I lived in China and lived in Singapore for 4 years. What I’ve seen in the development of this region applies very well to IoT. First, there is a massive trend of urbanisation, which puts a lot of stress to infrastructures for cities. IoT is a foundation that could be leveraged to optimise the usage of those infrastructures and minimise the stress that comes from the population.
So I think this big movement of development of IoT and digital technology will help to sustain our development. And the other angle is when I look at the profile of the people, a lot of things are new and people are educated on new technologies, it’s also a fantastic opportunity to be competitive in the global marketplace.
You start from infrastructures that are new, instead of being built on legacy. You are also having a population that keeps up to date on the trends using the latest technologies. The young engineeers who are just fresh out of universities, who have been educated on the latest IT technologies and use of software is very different from the profile you will find in France where you have a very experienced engineer but is less keen on new technologies.
So it’s important for Schneider Electric to acknowledge that the world is made up of diverse people along those two axis. Japan is different from China, which is different from Indonesia and Malaysia.
We know that Schneider Electric works closely with the public sector in Singapore. How do you think the IoT scene will look like in both the public and private sectors in 3-5 years’ time?
We have heard a lot about IoT in the past 3-4 years, it has really become a hot topic, there’s a big buzz and everyone is talking about it. I think we are really entering the age of realization. So whether we are speaking about the public or private sector, I think we need to demonstrate to customers, with companies like Schneider Electric, the value of IoT with real things.
So this is where we’re really entering, we’re leaving the age of the birth and entering the age of realisation and I think Schneider Electric is very well-positioned on that matter. Then when it comes to the difference between the public sector and the private sector, what I think is very interesting is that there is a technology side of the story and there is a business model side of the story.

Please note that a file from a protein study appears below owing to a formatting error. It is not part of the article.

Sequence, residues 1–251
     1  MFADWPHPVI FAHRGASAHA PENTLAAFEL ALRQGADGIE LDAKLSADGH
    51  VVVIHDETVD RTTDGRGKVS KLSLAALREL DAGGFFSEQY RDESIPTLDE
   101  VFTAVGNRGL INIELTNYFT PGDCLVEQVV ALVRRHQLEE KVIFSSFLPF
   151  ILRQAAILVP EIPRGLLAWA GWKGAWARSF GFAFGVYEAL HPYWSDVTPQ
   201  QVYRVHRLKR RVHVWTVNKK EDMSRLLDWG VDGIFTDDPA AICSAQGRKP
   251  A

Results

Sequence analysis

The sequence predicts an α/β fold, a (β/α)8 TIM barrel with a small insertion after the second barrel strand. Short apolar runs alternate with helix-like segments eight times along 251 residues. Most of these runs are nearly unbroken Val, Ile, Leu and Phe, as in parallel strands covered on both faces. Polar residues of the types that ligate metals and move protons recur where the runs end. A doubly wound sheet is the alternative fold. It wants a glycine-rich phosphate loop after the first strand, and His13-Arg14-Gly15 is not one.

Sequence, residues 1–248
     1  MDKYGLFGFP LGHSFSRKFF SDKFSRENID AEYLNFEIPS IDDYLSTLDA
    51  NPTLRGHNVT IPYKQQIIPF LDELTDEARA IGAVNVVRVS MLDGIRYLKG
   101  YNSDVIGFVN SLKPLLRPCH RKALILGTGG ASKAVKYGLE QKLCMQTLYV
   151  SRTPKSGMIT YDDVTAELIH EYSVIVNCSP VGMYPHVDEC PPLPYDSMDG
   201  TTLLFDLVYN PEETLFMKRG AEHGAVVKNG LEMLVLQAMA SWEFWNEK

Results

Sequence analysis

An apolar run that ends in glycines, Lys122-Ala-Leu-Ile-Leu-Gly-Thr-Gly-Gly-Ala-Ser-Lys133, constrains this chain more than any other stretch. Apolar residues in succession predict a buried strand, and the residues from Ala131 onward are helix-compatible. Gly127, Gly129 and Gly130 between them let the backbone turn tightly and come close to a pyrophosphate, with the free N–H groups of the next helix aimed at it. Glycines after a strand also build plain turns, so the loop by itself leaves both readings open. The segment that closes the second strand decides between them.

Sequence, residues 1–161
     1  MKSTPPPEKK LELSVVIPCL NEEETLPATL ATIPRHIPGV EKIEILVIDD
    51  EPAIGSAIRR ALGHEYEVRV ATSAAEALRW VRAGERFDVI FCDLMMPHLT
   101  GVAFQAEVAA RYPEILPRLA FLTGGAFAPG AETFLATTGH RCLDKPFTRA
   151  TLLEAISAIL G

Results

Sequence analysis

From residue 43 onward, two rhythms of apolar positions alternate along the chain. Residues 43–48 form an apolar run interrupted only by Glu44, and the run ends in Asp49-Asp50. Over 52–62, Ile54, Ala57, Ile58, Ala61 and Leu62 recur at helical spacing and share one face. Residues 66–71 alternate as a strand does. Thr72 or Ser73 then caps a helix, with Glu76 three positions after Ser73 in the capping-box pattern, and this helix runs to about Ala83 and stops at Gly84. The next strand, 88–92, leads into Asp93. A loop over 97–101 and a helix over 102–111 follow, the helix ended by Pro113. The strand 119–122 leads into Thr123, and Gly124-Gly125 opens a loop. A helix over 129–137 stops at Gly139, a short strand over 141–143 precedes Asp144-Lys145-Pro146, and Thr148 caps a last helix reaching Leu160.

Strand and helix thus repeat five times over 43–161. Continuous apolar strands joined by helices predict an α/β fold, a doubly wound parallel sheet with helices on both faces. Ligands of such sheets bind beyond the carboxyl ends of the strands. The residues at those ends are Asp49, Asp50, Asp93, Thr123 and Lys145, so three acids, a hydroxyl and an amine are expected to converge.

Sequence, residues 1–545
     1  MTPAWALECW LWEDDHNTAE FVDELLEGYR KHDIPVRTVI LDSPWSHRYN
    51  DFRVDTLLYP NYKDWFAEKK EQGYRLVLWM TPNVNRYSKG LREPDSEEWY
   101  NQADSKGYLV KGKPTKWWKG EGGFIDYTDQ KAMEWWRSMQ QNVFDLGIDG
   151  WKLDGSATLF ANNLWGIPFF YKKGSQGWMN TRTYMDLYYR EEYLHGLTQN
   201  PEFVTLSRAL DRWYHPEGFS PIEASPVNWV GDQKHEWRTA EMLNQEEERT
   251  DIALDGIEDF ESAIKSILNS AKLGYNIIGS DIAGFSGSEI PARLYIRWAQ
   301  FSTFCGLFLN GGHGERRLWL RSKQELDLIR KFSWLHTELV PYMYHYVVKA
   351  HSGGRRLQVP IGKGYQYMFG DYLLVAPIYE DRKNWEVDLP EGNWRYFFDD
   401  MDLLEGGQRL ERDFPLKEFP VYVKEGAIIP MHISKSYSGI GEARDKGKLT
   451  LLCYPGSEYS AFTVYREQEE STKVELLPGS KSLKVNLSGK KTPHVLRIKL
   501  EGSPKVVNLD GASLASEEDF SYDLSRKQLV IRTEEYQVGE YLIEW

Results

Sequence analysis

IoT is the opportunity to invent new business models especially when you think about things that are developed as a service. I think it’s interesting from the public sector perspective because they see the constraints as , “I don’t want to do any major upfront investment as I prefer to consume the capacity as a service”. With IoT, we can new bring business models that will offer value to the consumers of the public sector in a way that was not possible before.
Maybe I could give the example of energy management. In the traditional way of doing energy management, we have to invest in large equipment and buy a lot of software, install these with the system integrator, then reap the benefits of this in a cycle of 10 years.
If we are able to, this is what we do in some markets, deliver what I just described as a service, then it means that the customer will be able to get the benefit at the same time as they perform the service. This lowers the barriers to entry and works very well for the public sector because it is much easier to say to citizens that new services are being provided that doesn’t tax too much on the finance of the collective because you get the benefit at the same time as the service.
It also means that the public sector needs to position themselves not just as a supplier of services, but also as a broker of services: “How can I create the infrastructure so that the supply of services can meet the demand of services? How do I facilitate the supply of services to my citizens?”
That’s the difference in terms of role from building additional services. All those new services that citizens are willing to have: how are these optimised? A city cannot add all the different services because it will be too much of an investment but how can the government associate those services to existing things?
Governments/public sector can be a broker of those services to citizens, I think that’s a very important development.